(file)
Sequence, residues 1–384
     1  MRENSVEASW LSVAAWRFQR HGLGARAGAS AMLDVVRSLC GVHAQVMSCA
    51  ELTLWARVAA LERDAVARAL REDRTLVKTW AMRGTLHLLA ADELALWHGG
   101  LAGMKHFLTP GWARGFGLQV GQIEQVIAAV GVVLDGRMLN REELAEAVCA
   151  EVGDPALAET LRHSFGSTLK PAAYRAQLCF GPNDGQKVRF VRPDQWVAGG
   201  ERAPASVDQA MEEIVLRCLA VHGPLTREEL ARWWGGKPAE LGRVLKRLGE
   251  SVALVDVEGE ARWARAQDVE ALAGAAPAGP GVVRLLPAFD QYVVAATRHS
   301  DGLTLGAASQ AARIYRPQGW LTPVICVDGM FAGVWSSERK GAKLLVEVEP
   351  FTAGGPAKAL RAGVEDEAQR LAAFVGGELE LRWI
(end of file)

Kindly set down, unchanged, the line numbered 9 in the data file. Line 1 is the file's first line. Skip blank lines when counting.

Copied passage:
   351  FTAGGPAKAL RAGVEDEAQR LAAFVGGELE LRWI